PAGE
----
Location is key
Whichever funding model it chooses, experts say the government should deliberate on where chargers go and what kind of technology is used. Fast chargers, for example, are not needed on urban and suburban streets where people tend to park for hours at a time. On the contrary, the slower Level 2 outlets are not suitable for rural areas or highway rest areas where people intend to spend only 45 minutes.
Then there is the issue of fairness.
Targeting major transport improvements to minority communities is particularly important, given that they bear the bulk of the country’s carbon emissions, Anne Shikany, an infrastructure policy expert at the Natural Resources Defense Council, told Insider. . But the investment must not come at the expense of community involvement.
“One thing we would like to see is extensive consultation with communities before the infrastructure goes into effect,” said Shikany. “Talking to communities and making sure the items you want to provide match their needs is extremely important.”
Charging is just one piece of the puzzle
Charging is just one piece of the puzzle of the country’s transition away from gasoline-powered cars. And charging companies are hoping the new administration will follow through on a host of other measures to boost demand for electric vehicles.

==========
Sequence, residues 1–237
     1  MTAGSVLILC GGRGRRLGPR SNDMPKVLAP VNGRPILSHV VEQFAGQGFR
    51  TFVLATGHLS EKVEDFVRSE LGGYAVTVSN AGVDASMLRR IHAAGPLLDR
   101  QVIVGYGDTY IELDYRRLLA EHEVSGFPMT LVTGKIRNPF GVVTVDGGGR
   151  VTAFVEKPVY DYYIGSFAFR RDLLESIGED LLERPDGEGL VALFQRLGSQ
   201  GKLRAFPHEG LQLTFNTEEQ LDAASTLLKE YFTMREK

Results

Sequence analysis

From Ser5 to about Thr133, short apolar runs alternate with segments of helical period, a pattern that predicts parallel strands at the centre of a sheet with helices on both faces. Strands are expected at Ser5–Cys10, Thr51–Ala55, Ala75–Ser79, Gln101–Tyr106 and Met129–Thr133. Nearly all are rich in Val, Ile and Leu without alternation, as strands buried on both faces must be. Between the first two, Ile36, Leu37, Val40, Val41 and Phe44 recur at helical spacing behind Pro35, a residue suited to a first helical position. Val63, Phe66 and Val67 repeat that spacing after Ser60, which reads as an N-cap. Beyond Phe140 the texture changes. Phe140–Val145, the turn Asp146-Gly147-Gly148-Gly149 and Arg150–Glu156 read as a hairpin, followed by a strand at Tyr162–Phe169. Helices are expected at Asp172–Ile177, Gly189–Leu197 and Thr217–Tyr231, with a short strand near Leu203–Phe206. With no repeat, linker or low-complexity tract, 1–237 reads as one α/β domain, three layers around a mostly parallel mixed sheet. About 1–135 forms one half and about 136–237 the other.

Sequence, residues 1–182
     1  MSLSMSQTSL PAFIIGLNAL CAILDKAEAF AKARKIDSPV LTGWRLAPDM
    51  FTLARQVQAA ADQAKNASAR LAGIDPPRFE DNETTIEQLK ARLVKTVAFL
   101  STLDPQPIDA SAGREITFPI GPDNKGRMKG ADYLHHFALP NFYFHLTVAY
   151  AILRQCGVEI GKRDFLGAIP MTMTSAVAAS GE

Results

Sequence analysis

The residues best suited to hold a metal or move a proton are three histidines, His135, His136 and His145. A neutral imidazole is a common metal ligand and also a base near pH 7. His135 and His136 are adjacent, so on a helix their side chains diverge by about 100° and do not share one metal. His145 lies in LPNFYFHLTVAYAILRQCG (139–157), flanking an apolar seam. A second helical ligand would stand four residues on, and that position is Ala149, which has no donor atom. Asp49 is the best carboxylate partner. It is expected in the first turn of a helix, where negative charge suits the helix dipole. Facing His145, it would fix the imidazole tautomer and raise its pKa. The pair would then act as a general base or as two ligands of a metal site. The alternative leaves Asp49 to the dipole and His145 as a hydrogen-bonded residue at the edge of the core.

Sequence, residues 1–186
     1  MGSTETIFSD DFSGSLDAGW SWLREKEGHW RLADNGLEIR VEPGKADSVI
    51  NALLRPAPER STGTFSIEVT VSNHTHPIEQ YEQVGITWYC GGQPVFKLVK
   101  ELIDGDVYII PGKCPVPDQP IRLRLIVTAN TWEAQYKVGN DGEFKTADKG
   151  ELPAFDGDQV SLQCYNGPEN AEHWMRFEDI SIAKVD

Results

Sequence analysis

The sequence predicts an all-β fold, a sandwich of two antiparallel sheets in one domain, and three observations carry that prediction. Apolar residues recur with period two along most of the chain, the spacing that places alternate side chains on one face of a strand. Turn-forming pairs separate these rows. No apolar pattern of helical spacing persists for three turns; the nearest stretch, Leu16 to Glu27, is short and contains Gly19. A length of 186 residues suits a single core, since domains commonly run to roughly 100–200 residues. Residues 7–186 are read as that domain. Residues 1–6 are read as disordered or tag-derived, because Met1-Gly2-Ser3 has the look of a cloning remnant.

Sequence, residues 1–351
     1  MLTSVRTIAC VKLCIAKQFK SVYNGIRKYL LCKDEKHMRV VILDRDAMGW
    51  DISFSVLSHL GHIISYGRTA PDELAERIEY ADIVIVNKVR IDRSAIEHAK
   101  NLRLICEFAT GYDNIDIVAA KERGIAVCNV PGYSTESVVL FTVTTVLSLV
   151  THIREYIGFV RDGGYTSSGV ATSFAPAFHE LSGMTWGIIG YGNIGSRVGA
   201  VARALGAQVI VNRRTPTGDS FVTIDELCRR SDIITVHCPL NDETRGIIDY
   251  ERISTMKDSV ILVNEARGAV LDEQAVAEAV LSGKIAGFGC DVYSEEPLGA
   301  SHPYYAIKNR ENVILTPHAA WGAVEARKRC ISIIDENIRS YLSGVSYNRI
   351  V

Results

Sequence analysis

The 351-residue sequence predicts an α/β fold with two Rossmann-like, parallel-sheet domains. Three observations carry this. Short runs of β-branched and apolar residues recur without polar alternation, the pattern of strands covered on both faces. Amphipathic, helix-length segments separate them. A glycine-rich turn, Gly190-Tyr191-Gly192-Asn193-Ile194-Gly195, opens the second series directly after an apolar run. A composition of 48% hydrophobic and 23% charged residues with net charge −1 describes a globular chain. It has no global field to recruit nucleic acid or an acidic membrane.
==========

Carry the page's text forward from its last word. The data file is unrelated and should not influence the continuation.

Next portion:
Biden also pledged to convert the entire federal government fleet – some 650,000 vehicles – to electric vehicles, and pledged that every bus made in the United States will be battery-powered by 2030. Charging companies hope that an expansion of the current zero emission vehicle tax credit is also on the horizon.
Excitement aside, the pricing companies Insider spoke to said they were also prepared to go it alone if the White House didn’t pass. The train has left the station, they said, and the electric vehicle boom is happening with or without federal government support.
“Politics is also primarily a tailwind of how we see it,” Levy said. “The future of electric vehicles is now, and it is here, and it is happening regardless of everything else.”